Living In Fragments is our interactive Eko film that we produced to depict a popularly misrepresented and misunderstood mental health condition, Dissociative Identity Disorder. Our fragmented film follows Dina, a young student living with multiple identities, developed as a result of past trauma. Her three different alters can be triggered in certain situations, but ultimately the choices of the viewer determine whether they will be introduced or not. As the user is given the chance to make decisions on behalf of Dina, the story progresses at a distinctive pace when the viewer stops being passive and interacts with the work. Because we do not suggest that disassociating and switching alters is a harmful thing, the film comes to the same conclusion for each viewer. Dina continues talking therapy and copes, which is the real experience for many who live with DID.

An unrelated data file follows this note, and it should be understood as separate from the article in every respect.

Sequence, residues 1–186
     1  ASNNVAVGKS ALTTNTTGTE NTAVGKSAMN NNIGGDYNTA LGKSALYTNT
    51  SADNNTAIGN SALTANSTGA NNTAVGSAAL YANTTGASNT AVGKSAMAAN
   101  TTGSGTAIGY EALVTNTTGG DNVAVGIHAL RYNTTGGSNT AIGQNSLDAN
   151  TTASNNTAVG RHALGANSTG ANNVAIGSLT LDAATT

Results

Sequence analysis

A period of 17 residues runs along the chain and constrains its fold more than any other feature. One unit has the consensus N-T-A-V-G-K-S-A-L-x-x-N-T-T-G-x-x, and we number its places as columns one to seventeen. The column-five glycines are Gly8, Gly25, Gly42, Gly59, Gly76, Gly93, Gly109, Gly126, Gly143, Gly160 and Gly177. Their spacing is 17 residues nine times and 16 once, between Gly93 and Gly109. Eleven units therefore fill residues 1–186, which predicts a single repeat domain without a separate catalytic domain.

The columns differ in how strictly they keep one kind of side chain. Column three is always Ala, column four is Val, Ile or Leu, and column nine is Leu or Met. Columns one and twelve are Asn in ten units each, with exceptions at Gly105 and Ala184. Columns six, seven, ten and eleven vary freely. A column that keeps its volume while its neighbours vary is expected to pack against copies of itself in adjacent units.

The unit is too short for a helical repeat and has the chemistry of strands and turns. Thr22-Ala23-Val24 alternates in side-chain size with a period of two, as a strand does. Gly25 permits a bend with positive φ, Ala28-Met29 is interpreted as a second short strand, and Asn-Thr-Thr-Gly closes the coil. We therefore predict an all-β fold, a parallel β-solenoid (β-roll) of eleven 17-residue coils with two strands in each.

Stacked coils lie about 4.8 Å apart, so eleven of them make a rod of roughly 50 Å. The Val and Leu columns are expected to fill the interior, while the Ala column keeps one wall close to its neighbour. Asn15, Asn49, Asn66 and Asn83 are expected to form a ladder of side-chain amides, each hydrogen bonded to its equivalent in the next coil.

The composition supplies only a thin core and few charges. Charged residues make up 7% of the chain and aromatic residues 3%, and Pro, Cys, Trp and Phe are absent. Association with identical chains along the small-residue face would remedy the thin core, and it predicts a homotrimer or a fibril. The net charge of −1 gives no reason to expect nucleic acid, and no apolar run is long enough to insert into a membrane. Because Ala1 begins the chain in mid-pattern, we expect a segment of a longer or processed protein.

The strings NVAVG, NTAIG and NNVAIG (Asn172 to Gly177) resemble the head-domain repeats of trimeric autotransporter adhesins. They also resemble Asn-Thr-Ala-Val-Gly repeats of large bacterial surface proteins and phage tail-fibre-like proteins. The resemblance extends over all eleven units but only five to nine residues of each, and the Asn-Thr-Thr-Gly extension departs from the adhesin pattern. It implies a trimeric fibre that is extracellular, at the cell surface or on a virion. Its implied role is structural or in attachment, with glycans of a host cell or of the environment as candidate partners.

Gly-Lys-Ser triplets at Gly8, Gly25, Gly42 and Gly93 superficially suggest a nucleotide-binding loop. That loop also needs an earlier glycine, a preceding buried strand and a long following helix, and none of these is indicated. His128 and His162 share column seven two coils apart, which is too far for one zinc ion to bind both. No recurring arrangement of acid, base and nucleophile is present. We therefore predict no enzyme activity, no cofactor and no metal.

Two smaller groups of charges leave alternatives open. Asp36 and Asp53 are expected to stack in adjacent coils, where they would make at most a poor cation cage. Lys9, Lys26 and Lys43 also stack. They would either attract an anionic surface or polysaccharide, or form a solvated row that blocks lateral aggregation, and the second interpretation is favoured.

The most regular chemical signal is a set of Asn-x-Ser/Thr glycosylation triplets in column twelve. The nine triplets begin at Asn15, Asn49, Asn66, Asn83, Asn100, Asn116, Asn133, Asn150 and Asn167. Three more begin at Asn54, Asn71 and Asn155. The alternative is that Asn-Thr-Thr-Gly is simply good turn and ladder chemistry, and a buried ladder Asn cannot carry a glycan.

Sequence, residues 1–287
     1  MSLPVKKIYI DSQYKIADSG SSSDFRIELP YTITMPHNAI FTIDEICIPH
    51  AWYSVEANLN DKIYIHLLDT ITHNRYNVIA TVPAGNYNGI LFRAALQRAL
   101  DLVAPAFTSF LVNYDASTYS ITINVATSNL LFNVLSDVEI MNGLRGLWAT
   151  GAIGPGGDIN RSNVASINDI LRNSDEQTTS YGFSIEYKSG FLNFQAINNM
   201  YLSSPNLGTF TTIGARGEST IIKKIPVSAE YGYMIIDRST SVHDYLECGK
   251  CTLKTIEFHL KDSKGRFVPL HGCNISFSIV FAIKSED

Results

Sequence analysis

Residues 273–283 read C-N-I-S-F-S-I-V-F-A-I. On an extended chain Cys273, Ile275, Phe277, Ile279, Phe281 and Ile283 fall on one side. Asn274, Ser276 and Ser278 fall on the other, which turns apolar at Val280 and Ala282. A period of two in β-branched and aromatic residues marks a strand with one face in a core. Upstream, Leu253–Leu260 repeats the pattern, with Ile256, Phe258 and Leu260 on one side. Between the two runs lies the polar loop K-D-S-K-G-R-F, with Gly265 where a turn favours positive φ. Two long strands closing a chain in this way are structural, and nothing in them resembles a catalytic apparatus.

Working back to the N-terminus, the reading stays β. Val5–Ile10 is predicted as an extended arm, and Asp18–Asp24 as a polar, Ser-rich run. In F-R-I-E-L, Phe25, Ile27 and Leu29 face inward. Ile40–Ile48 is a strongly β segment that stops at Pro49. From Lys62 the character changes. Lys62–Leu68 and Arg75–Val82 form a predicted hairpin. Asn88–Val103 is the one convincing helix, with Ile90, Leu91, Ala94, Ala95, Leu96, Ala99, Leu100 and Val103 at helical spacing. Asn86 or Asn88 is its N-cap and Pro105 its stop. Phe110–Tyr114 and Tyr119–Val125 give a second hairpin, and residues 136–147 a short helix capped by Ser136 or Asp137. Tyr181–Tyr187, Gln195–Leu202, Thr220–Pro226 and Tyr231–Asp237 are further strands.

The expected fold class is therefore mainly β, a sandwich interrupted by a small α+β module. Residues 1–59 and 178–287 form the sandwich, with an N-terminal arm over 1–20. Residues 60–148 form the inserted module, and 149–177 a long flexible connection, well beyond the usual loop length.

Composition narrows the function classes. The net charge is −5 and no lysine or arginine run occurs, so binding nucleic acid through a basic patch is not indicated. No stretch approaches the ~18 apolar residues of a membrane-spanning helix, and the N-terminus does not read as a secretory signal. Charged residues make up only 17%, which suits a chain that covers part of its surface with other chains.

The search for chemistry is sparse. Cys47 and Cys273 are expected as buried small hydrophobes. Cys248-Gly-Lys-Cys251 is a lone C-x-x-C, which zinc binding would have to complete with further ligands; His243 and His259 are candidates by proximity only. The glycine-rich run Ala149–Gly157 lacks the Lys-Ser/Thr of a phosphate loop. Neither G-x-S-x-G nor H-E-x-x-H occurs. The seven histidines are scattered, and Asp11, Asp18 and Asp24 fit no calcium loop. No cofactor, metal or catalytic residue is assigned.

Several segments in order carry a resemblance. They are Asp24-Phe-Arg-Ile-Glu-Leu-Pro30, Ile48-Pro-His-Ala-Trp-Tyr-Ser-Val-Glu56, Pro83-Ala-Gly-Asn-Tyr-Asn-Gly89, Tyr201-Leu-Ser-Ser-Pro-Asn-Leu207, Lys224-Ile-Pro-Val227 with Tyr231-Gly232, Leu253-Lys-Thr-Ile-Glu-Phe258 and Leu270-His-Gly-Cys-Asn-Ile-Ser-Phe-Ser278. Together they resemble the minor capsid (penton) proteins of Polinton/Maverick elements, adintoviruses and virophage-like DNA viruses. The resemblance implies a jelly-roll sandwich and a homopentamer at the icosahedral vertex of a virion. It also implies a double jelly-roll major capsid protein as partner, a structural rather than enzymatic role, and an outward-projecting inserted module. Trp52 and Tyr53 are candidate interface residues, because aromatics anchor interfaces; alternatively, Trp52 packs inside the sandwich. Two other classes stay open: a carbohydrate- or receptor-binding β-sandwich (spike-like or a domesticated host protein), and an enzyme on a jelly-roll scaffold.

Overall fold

We consider our work to be web exclusive because the theme of mental disorders is sensitive in nature, and after our research we concluded that this sensitivity works best online, where there are already communities established that combat stigmas against mental health disorders. And if we were to propose that interactivity works best online (taking into account how easy it is for a user to interact and how this interaction often mimics the familiar act of ‘browsing’), then our project specifically works better online because the interactive style we have incorporated helps keep viewers engaged in our work, even though our project is supposed to be informative.
Many online projects offer the possibility of going beyond just watching that work, in the same virtual space. We have documented our project storyline and behind the scenes work on Instagram. Giving each character (alter identity) their own account can give further insight into who they are. This also gives our audience the opportunity to communicate with the characters, and even us on our Living In Fragments Instagram page. Because our aim from the beginning has been to promote awareness and encourage conversation, offering a space to do so became important for us. We encourage breaking the ‘conventional border’ between viewers and creators.